Tiller­son starts his Qatar-cri­sis rounds

Northwest Arkansas Democrat-Gazette - - INTERNATIONAL - MATTHEW LEE AND FAY ABUELGASIM In­for­ma­tion for this ar­ti­cle was con­trib­uted by Josh Le­d­er­man of The As­so­ci­ated Press.

KUWAIT CITY — Pres­i­dent Don­ald Trump’s ad­min­is­tra­tion tossed aside its aver­sion to me­di­at­ing a weeks-long Per­sian Gulf dis­pute Mon­day, as the top U.S. diplo­mat flew to the re­gion hop­ing to cor­ral Qatar and its neigh­bors into ne­go­ti­a­tion.

On his first foray into shut­tle diplo­macy since be­com­ing sec­re­tary of state, Rex Tiller­son will hop be­tween Kuwait, Qatar and Saudi Ara­bia from Mon­day un­til Thurs­day, test­ing ways to break an im­passe that has per­sisted de­spite Kuwaiti me­di­a­tion ef­forts. The cri­sis has badly dam­aged ties be­tween sev­eral key Amer­i­can part­ners, in­clud­ing hosts of two ma­jor U.S. mil­i­tary bases, threat­en­ing coun­tert­er­ror­ism ef­forts.

Tiller­son landed in Kuwait City late Mon­day and was greeted at the air­port by the Gulf coun­try’s for­eign min­is­ter, who chat­ted with Tiller­son in the sear­ing Kuwaiti sun and shared a tra­di­tional Ara­bic cof­fee. On his first day in the coun­try, Tiller­son also met with Kuwait’s ruler, Sheikh Sabah Al Ahmed Al Sabah.

“We are try­ing to re­solve an is­sue that con­cerns not just us but the whole world,” Sabah told the vis­it­ing U.S. diplo­mat.

U.S. of­fi­cials said Tiller­son doesn’t ex­pect an im­me­di­ate break­through, which they warned could be months away. Rather, they said, he wants to ex­plore pos­si­bil­i­ties for spark­ing ne­go­ti­a­tions.

“We’ve had one round of ex­changes and di­a­logue and didn’t ad­vance the ball,” se­nior Tiller­son ad­viser R.C. Ham­mond said.

For the U. S., there are risks in get­ting so in­ti­mately in­volved in the fight among Gulf neigh­bors, re­flected in Tiller­son’s ini­tial re­luc­tance to play a cen­tral me­di­at­ing role. Alien­at­ing ei­ther side of the con­flict could pose broader chal­lenges for U.S. pri­or­i­ties in the re­gion, in­clud­ing the fight against the Is­lamic State group and other ex­trem­ists.

Lori Plotkin Boghardt, a Gulf ex­pert at the Wash­ing­ton In­sti­tute for Near East Pol­icy, said the U.S. has had some suc­cess in re­cent years per­suad­ing Qatar to take ac­tion against ter­ror­ist fi­nanciers. She said if the U.S. ap­pears to be sid­ing with the Saudis and the oth­ers, the Qataris could re­spond by re­vert­ing to old habits.

Qatar has re­jected 13 de­mands of Saudi Ara­bia, Bahrain, the United Arab Emi­rates and Egypt to re­store diplo­matic re­la­tions and end a block­ade they’ve im­posed on the small, gas-rich monarchy since early June. They in­clude Qatar shut­ting down the me­dia net­work Al- Jazeera, cut­ting ties with Is­lamist groups in­clud­ing the Mus­lim Broth­er­hood, lim­it­ing ties with Iran and ex­pelling Turk­ish troops sta­tioned in the coun­try.

Ham­mond said the pack­age of de­mands, as is­sued by Qatar’s neigh­bors, was not vi­able, but said there were in­di­vid­ual items on the list “that could work.” Ham­mond would not elab­o­rate on which de­mands Qatar could meet, but said con­ces­sions from the oth­ers would be re­quired.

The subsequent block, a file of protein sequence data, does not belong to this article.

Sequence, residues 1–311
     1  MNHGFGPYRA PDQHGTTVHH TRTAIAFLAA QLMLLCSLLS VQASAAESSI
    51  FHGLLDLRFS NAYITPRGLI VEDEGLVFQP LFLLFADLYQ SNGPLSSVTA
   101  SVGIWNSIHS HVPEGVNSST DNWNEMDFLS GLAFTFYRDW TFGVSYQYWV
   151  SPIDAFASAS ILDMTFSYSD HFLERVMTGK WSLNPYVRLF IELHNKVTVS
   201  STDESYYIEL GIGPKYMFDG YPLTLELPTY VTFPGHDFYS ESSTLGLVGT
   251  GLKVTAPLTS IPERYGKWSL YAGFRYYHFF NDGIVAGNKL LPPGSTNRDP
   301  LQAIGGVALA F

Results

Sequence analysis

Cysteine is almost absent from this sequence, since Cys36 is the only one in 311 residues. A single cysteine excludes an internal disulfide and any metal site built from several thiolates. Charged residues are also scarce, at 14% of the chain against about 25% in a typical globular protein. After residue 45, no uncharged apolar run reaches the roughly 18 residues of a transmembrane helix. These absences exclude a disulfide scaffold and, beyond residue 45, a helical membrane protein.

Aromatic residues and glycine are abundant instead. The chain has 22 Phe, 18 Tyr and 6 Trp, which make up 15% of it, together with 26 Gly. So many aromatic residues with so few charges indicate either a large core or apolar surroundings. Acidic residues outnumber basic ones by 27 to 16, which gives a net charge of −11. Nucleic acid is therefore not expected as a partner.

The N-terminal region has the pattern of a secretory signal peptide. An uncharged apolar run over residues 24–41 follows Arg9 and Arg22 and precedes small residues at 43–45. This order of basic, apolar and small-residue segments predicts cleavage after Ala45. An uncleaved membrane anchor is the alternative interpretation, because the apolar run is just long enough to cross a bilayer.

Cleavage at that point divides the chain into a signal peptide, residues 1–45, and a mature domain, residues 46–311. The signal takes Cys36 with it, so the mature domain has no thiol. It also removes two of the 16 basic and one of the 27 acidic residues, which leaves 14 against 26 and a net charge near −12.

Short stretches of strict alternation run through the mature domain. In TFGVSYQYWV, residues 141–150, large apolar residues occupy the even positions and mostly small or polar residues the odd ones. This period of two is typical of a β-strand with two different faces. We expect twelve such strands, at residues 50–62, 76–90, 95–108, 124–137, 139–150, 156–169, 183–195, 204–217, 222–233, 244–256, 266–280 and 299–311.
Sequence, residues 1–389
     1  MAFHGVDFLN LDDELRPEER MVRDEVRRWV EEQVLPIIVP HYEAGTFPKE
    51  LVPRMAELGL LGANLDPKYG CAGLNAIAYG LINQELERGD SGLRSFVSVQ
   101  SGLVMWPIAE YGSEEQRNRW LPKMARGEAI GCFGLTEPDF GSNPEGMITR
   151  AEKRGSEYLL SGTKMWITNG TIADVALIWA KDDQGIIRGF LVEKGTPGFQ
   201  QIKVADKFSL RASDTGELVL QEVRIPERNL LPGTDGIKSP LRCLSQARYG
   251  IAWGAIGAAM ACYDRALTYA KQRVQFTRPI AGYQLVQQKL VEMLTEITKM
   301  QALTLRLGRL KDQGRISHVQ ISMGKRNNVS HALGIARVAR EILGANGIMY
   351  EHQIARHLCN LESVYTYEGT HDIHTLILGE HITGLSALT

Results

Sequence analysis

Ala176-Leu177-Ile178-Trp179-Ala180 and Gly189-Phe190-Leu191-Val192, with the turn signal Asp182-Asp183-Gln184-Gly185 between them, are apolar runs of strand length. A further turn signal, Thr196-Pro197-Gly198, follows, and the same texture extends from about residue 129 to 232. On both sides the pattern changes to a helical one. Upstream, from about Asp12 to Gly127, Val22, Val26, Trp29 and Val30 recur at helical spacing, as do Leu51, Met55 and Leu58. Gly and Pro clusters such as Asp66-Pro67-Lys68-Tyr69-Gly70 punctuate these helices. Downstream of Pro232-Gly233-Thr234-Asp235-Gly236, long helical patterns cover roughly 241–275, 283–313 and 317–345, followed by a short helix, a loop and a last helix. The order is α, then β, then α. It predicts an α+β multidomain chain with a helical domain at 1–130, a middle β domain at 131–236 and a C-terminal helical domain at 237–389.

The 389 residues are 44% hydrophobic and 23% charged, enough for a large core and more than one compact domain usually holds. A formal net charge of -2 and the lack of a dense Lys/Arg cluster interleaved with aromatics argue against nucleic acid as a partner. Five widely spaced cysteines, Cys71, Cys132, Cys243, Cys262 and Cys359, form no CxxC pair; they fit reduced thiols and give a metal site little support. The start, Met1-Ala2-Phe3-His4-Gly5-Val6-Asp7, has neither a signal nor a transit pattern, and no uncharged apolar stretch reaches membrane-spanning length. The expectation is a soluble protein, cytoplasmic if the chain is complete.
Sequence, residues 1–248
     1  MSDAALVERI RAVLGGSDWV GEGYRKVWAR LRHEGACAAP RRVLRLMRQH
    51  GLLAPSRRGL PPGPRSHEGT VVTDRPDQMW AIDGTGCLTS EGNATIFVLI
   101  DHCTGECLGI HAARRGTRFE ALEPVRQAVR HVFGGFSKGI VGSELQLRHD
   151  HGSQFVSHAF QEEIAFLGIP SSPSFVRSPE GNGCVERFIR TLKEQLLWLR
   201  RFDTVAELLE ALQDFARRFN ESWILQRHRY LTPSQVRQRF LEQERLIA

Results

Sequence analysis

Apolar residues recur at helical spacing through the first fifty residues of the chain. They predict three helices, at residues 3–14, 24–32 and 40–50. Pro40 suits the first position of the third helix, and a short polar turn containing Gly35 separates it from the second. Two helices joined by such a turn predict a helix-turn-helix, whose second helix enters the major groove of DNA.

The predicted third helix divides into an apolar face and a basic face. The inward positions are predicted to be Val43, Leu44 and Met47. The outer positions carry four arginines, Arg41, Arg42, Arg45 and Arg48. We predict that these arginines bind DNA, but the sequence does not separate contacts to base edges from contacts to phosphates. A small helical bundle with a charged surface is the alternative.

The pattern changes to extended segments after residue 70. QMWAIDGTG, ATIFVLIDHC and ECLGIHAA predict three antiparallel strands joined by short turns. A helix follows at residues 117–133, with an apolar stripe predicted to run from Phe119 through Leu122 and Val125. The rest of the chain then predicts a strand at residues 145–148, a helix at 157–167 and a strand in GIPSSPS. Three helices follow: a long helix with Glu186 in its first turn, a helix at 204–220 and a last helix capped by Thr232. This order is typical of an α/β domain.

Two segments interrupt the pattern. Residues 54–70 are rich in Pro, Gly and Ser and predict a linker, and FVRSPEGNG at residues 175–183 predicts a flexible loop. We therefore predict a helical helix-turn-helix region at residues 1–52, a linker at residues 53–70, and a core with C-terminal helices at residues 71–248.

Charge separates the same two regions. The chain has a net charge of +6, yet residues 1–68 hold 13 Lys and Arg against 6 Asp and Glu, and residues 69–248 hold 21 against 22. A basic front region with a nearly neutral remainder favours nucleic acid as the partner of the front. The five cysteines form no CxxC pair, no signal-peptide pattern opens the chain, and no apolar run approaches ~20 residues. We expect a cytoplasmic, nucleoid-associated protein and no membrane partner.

“This is a two-way street,” he said of a dis­pute among par­ties who each have been ac­cused of fund­ing ex­trem­ists in some way. “There are no clean hands.”

U.S. mil­i­tary in­ter­ests are at stake, too. Bahrain hosts the U. S. Navy’s 5th Fleet, which pa­trols Gulf wa­ters with a close eye on Iran. Qatar hosts al-Udeid Air Base, the largest U.S. mil­i­tary in­stal­la­tion in the Mid­dle East and hub for the U.S.-led anti-Is­lamic State coali­tion op­er­a­tions in Iraq and Syria.

The specifics of Tiller­son’s shut­tle travel, in­clud­ing ex­act dates for each stop, were still in flux on Mon­day and not im­me­di­ately an­nounced.

Ear­lier Mon­day, Tiller­son spoke to Turkey-based Amer­i­can diplo­mats in Istanbul and ac­knowl­edged se­vere strains in U.S.-Turkey re­la­tions. He said he is hope­ful, how­ever, of mend­ing ties with the NATO ally and part­ner in the anti-Is­lamic State coali­tion. He also said he hoped that the U.S. and Turkey could repli­cate an agree­ment reached last week be­tween the U.S., Rus­sia and Jor­dan for a cease­fire in south­west­ern Syria in the north of the coun­try.

Tiller­son said he be­lieved the two coun­tries are be­gin­ning to re­store mu­tual trust that had been lost over the course of the past sev­eral years. He said since be­com­ing sec­re­tary of state, he had met three times with Turk­ish Pres­i­dent Re­cep Tayyip Er­do­gan — in­clud­ing a lengthy ses­sion on Sun­day night — and that each time the tone of the con­ver­sa­tion had im­proved. While chal­lenges re­main, Tiller­son said he be­lieved the first steps to re-es­tab­lish­ing re­la­tions “on the proper ba­sis” have been taken.

Newspapers in English

Newspapers from USA

© PressReader. All rights reserved.